Tuesday, April 06, 2010

The House That Became A Hospital

The fallibility of documents is our theme once again this fine spring day. When one spends days and days just taking materials in, sorting them, housing them, lovingly tucking them into their designated niches, one tends to forget that they're really just little heartbreakers. Each and everyone of them. Bound to lure some researcher into learning just a little bit more, never all, probably not enough, about any given detail from the hoary past. Maybe, if they're really tricksy, they'll even lie.

Yes, I said it: lie. I was led astray by one Courtney M. Smith, one of the many students organized by Olof Larsell into the Medical History Club of the University of Oregon Medical School. I could perhaps be forgiven, since Larsell himself was taken in, quoting Smith verbatim in the section of The Doctor in Oregon which treats of the history of the Multnomah County Hospital.

What great misperception was perpetrated in Smith's paper, "The History of the origin and growth of the Multnomah County Hospital, Portland, Oregon" (1933)? On page 7, Smith writes:
“…in March 1909 an announcement was made that the County through its Commissioners had purchased property on Second Street between Hooker and Hood Avenues for the establishment of Multnomah’s first real hospital. This property had been owned by the former Oregon capitalist, Mr. Sim Reed, whose wife later endowed Reed College, and consisted of about one square block of land on which stood an elaborate old mansion.”
There the inaccuracy lay in wait for me, hapless researcher, looking to write up a piece on the history of the hospital. Happily, sharp-eyed reader Ann Kracke, volunteer at the Oregon Historical Society, caught my error when reading The Scribe.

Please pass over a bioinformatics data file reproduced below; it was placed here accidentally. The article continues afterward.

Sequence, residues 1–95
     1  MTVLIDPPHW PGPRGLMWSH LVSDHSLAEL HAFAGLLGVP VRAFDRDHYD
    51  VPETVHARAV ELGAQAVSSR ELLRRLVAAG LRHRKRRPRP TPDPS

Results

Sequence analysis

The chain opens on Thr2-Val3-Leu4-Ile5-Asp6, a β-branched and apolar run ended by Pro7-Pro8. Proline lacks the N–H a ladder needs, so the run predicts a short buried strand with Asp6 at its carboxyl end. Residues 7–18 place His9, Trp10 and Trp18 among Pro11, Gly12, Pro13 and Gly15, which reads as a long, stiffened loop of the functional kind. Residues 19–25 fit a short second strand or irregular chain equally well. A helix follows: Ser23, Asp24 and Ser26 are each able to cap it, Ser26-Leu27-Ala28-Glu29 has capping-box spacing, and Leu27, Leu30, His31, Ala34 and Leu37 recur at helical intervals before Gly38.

Ann had been working on the OHS file for one Charles E. Smith (no relation to Courtney, I would assume, since that would make the error particularly unforgivable) and had remembered that his home had been given to the county for use as a hospital. The building is so distinctive that Ann was able to tell from the image that the original MCH site at Second and Hooker was the Smith home. On her next visit to OHS, she made some copies of news clippings and old photos for us to show the true owner of the home that became the hospital.

So, that begs the question: how did Courtney get it wrong? Only twelve years after the county hospital moved up to its new digs on Marquam Hill, the young historian must have been misled by one of the references he consulted. The aged memory of a senior physician? Perhaps. One piece of evidence that hints at a possible source of confusion: the Simeon Reed home (which was also quite lovely, as a matter of fact) was at one time the site of the Woman's Hospital and Sanitarium--according to an undated piece from the OHS file on Reed. Miss A.M. Burnham was superintendent.

Our thanks to Ann Kracke for setting us straight. We will, of course, put this packet into our file on MCH, to spare the heartbreak of the next unsuspecting researcher....

1 comment:

bettyb said...

I thought you would be interested in a new website we have just launched: www.historyofhomes.net

While just in its infancy, the goal is to invite members to record the history of homes that are special to them, ultimately creating a concise history of houses around the world.

I invite you to add your historic homes. Membership is free!